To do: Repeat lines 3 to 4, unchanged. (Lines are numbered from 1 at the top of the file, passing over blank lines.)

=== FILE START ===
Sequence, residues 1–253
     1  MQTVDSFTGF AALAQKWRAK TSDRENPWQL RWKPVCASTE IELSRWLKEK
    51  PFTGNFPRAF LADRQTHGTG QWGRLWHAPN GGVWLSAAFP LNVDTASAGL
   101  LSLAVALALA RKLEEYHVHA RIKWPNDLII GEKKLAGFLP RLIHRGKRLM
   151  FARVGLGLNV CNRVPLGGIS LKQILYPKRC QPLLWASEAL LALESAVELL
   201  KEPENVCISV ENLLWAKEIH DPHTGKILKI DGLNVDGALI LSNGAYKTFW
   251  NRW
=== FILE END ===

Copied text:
    51  PFTGNFPRAF LADRQTHGTG QWGRLWHAPN GGVWLSAAFP LNVDTASAGL
   101  LSLAVALALA RKLEEYHVHA RIKWPNDLII GEKKLAGFLP RLIHRGKRLM